Is Your Child Being Bullied? Children Who Experience Bullying and Depression At Greater Risk For Substance Abuse
According to a new study by the University of Delaware, children who experience bullying in the 5th grade are at an increased risk of suffering from depression in 7th grade, and ultimately consume alcohol, marijuana, or tobacco by the 10th grade.
The association between bullying and depression and substance abuse as long been taken as a given, but few studies have analyzed these links, garnered from subjects multiple times over many years.
About The Study
The research team compiled data from 2004-2011 from more than 4,300 children in three major cities, and boys and girls were represented equally. The students hailed from Birmingham, Alabama, Houston, Texas, and Los Angeles County, California. Latinos represented 44%, while 29% were African American and 22% were white.
Valerie Earnshaw, University of Delaware:
“We show that peer victimization in fifth grade has lasting effects on substance use five years later. We also show that depressive symptoms help to explain why peer victimization is associated with substance use, suggesting that youth may be self-medicating by using substances to relieve these negative emotions.”
Study results revealed that boys and youth of sexual minority and those suffering from chronic illness reported more peer victimization. However, age, obesity, race, or socioeconomic status appeared to be unrelated to more bullying.
According to StopBullying.gov, schools should respect and encourage diversity, and children who are perceived as different in an unsupportive environment may be at a greater risk of being bullied.
Among the findings, 24% of 10th-grade students reported recent alcohol abuse, just over 15% reported use of marijuana, and less than 12% reported tobacco use. Girls of a sexual minority status were more likely to use alcohol than boys. Also, marijuana and tobacco use were both related to bullying among girls but not boys.
A Serious Issue
Bullying and depression lead to substance abuse, which may, in turn, impair development (particularly cognitive development) in adolescence, and increase the likelihood of further substance abuse and other mental and physical health issues in adulthood.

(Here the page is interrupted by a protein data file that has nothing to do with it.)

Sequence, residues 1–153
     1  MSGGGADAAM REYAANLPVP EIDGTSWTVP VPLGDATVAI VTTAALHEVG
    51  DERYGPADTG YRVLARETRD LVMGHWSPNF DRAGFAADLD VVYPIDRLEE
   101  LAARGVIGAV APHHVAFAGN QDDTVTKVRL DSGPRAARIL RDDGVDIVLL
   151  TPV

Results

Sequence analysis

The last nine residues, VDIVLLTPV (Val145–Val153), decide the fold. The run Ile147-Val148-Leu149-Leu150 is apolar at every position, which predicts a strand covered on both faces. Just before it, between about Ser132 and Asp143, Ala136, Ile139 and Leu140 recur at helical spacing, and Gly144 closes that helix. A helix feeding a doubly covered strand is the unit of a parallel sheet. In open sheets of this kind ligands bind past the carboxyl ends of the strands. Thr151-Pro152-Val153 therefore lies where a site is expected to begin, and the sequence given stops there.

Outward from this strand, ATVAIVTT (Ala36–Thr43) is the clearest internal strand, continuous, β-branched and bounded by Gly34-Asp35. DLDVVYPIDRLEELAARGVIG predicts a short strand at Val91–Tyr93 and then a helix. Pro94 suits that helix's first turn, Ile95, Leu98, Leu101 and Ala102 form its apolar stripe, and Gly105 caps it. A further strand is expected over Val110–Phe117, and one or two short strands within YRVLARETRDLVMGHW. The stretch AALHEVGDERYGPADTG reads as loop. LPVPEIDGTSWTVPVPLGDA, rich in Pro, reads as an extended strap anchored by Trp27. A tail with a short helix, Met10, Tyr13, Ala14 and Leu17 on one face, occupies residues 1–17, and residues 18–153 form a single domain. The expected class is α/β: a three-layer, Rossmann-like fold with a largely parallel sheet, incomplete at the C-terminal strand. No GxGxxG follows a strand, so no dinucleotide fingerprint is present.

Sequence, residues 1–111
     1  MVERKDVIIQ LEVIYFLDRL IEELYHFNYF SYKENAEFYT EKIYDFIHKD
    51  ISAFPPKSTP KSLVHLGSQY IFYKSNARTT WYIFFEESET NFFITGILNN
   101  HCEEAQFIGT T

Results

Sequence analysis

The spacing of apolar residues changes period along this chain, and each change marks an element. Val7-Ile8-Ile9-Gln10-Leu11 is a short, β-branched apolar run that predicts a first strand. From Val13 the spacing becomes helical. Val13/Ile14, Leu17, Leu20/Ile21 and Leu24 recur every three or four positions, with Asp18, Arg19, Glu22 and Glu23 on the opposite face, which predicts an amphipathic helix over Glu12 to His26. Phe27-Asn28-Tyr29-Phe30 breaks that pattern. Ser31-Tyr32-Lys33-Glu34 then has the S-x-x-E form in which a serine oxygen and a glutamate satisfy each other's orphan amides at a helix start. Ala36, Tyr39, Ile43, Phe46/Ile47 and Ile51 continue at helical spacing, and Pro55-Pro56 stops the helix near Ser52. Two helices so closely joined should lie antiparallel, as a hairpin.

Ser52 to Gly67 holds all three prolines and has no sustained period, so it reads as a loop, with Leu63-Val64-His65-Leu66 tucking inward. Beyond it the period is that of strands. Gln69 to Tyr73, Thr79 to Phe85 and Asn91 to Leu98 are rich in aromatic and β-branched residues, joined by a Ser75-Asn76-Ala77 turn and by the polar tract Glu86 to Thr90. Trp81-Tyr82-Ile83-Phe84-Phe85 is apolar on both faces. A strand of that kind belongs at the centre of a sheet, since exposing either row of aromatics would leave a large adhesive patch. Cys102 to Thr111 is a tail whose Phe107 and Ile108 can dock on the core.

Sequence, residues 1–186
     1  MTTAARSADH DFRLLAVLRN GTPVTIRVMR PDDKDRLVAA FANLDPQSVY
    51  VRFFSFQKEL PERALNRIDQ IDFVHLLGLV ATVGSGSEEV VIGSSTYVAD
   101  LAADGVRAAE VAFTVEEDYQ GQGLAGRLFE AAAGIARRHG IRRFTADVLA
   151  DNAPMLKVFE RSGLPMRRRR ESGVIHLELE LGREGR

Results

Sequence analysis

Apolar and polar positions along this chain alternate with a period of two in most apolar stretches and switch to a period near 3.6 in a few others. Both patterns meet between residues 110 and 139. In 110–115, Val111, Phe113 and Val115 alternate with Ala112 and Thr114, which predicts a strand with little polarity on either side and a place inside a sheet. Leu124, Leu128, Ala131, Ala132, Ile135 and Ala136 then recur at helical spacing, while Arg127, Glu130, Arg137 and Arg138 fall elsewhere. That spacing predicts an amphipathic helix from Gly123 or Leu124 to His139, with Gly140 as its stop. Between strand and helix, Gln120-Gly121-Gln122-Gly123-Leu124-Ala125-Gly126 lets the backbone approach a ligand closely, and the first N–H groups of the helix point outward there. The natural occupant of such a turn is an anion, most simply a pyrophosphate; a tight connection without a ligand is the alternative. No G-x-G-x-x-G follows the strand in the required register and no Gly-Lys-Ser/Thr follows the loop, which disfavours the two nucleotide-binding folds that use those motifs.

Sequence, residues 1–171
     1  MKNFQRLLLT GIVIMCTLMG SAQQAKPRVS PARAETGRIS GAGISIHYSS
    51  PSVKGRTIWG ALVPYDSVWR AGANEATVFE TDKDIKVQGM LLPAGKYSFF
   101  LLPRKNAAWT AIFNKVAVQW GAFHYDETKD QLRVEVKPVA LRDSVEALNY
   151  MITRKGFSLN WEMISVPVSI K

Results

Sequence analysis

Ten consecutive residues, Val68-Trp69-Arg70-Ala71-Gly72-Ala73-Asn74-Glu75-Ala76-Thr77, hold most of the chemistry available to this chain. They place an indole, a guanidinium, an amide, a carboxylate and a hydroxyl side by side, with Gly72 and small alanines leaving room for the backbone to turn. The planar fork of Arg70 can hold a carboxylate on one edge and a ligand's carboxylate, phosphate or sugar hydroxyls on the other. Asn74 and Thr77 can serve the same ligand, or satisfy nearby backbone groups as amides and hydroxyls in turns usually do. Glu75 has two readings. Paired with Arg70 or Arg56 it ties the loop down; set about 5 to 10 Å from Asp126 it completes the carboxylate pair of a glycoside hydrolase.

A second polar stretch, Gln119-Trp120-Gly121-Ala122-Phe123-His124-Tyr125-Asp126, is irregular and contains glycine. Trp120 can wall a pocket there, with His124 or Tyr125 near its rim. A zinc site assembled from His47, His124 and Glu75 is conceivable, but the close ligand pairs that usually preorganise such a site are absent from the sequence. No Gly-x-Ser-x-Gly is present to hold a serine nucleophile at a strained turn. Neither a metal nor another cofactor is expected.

“There’s still sometimes this idea that peer victimization and bullying are a normal part of adolescence…But, this study adds to a growing body of evidence that peer victimization and bullying are not fine.”
“Youth who develop substance use disorders are at risk of many mental and physical illnesses throughout life. So, the substance use that results from peer victimization can affect young people throughout their lives.”
Earnshaw also encourages pediatricians to evaluate children for signs of bullying and depression, as well as substance abuse and notes that treatment for youth suffering from these experiences should be accessible.
The study was published online this month in the journal Pediatrics.
Signs of Bullying
According to StopBullying.gov, talking to children who show signs of peer victimization or bullying others is critical to determining the cause of the problem, and the identification of warning signs is the first critical step to taking action. Signs may include:
- Unexplainable injuries such as bruises or scratches
- Lost or destroyed clothing, books, electronics, jewelry, and other personal items
- Frequent head or stomach aches, feeling sick or feigning illness
- Altered eating habits, such as skipping meals, refusal to eat, or binge eating
- Sleep disturbances and nightmares
- Poor academic performance and avoidance of school
- A loss of friends or social isolation
- Loss of self-esteem or feelings of helplessness
- Self-destructive actions such as running away, self-harm, or suicidal ideations
Signs a Child is Bullying Others
- Participation in physical or verbal altercations
- Association with friends who bully others
- Increasing aggression
- Frequent visits to the principal’s office or detention, school suspension
- Unexplained extra money or new possessions
- Failure to accept responsibility for actions, and blame others
- Concern over competition or popularity
Why Children Don’t Always Ask For Help
According to data from the 2012 Indicators of School Crime and Safety, adults are alerted in only 40% of bullying incidents. There are several reasons why children don’t tell adults, including:
- The child has a desire to handle the problem and regain control, and may fear they will be labeled a tattletale.
- The child fear repercussion from the child who bullies them.
- The child does not want the adult to know what is being said about them or done to them for fear of judgment, punishment, or humiliation.
- The child may already be socially isolated and may find it difficult to talk to others, even adults.
- The child may fear peer rejection, and therefore prefer to rely on protection from their friends.
Bullying is a very serious problem that has lifelong repercussions. It is not a necessary rite of passage. It can lead to severe mental illness, harmful substance use, and long-term negative outcomes for the victims.
Please talk to your children about bullying. You can learn more at StopBullying.gov.
~ G. Nathalee Serrels, M.A., Psychology